Had her head completely shaved in the film Temptation of a Monk (1993) for the role of Qingshou (Violet).
Member of the jury at the 11th Shanghai International Film Festival. The jury also included German producer Ulrich Felsberg, Danish director Bille August, Israeli writer Gila Almagor, Japanese director Kaori Momoi, Chinese director Jianqi Huo, and was headed by Hong Kong director Kar Wai Wong. [June 2008]
Headed the Altadis-New Directors Award Jury at the 56th San Sebastian Film Festival. [September 2008]
She has been called "China's Elizabeth Taylor" for achieving stardom while still a teenager, and "China's Meryl Streep" for her ability to move beyond the role of ingénue and portray strong and complex female characters.
Spokeswoman for the Chinese Pink Ribbon Breast Cancer Prevention campaign.
Made the cover of Trends Health magazine alongside actresses Lan Ke and Yili Ma to promote the Chinese Pink Ribbon Breast Cancer Prevention campaign. [October 2008]
(March 27, 1993) Attended the 8th Annual Independent Spirit Awards.
(March 23, 2009) Attended the 3rd Annual Asian Film Awards, in which she presented with Oliver Stone the award for Best Director to Hirokazu Koreeda.
Director David Lynch said of her: "She's the best thing from China since pasta - and much more beautiful".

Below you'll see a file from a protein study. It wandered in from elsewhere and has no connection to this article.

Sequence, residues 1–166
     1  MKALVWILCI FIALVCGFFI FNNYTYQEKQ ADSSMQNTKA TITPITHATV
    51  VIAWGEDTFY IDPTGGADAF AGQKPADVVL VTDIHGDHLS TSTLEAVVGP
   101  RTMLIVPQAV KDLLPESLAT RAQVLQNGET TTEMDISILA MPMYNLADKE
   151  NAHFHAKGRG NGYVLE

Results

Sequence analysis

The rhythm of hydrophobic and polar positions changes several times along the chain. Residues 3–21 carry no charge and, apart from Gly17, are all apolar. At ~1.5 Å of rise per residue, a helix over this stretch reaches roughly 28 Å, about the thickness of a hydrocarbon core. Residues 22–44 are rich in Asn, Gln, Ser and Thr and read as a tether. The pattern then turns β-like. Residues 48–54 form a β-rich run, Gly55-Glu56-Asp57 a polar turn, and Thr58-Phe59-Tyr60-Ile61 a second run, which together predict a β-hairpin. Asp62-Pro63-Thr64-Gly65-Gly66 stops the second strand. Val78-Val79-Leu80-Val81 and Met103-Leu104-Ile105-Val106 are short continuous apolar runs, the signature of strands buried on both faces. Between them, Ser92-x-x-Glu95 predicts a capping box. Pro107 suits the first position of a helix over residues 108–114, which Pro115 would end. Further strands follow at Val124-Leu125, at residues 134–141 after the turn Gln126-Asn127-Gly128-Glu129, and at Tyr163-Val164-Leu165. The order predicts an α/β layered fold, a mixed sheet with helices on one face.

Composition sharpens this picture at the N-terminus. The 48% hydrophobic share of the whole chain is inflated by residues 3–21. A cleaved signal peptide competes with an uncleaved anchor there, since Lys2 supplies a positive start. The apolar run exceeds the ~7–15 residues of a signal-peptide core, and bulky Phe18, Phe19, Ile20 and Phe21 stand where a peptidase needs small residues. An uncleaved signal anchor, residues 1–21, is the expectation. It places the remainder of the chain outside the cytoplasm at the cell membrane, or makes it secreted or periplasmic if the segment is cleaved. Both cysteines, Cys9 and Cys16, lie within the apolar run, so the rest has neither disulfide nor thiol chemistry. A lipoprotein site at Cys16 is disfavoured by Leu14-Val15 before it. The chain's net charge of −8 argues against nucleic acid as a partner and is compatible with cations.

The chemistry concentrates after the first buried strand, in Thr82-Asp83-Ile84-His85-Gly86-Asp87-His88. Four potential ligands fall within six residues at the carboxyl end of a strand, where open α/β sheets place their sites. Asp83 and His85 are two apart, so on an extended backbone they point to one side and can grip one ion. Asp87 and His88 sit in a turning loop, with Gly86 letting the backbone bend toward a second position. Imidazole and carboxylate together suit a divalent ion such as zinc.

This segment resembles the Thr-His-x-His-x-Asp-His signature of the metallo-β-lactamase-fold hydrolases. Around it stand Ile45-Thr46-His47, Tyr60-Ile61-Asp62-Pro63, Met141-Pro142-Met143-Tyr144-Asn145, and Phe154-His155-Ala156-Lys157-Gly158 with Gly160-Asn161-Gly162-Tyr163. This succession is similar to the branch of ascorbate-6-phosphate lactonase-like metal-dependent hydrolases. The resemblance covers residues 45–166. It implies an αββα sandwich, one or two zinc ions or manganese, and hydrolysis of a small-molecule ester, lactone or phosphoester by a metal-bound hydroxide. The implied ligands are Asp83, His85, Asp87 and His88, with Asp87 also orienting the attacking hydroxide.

Attended the Singapore Sun Festival as the curator of the 1st Sun Film Festival, whose theme was 'The Art of Living Well'. She selected and curated five films depicting 'The Art Of Living Well' for screening during the festival: The Diving Bell and the Butterfly (2007), Dead Man Walking (1995), Hannah and Her Sisters (1986), Still Life (2006) and Edward Scissorhands (1990). She was also involved in an on-stage interview session called 'In Conversation With Joan Chen', prestented by Ben Slater. [October 2009]
Member of the jury at the 3rd Abu Dhabi Middle East International Film Festival. The jury was headed by Abbas Kiarostami and also included Sunil Doshi, Mohamed Khan, Nayla Al Khaja and Michael Fitzgerald. [October 2009]
Attended the 14th Pusan International Film Festival. [October 2009]
(January 8, 2010) Attended the ceremony for the Family Violence Prevention Fund's International Center, in the Presidio of San Francisco, which is the world's first international center aimed at eliminating violence against women and children.
(January 26, 2010) Attended the ceremony for the opening of the first luxury brand MCM store in Shanghai. Chen was wearing an MCM couture evening dress which is the only piece in the world.
Friend of actress Ye Chen. Both actresses worked in the Shanghai Film Studio. Joan later starred in Mao's Last Dancer (2009) in which Ye Chen's husband Charles Foster is portrayed by Joan's Twin Peaks (1990) co-star Kyle MacLachlan.
Member of the jury at the I've Seen Films International Film Festival, founded by Rutger Hauer. [October 2011]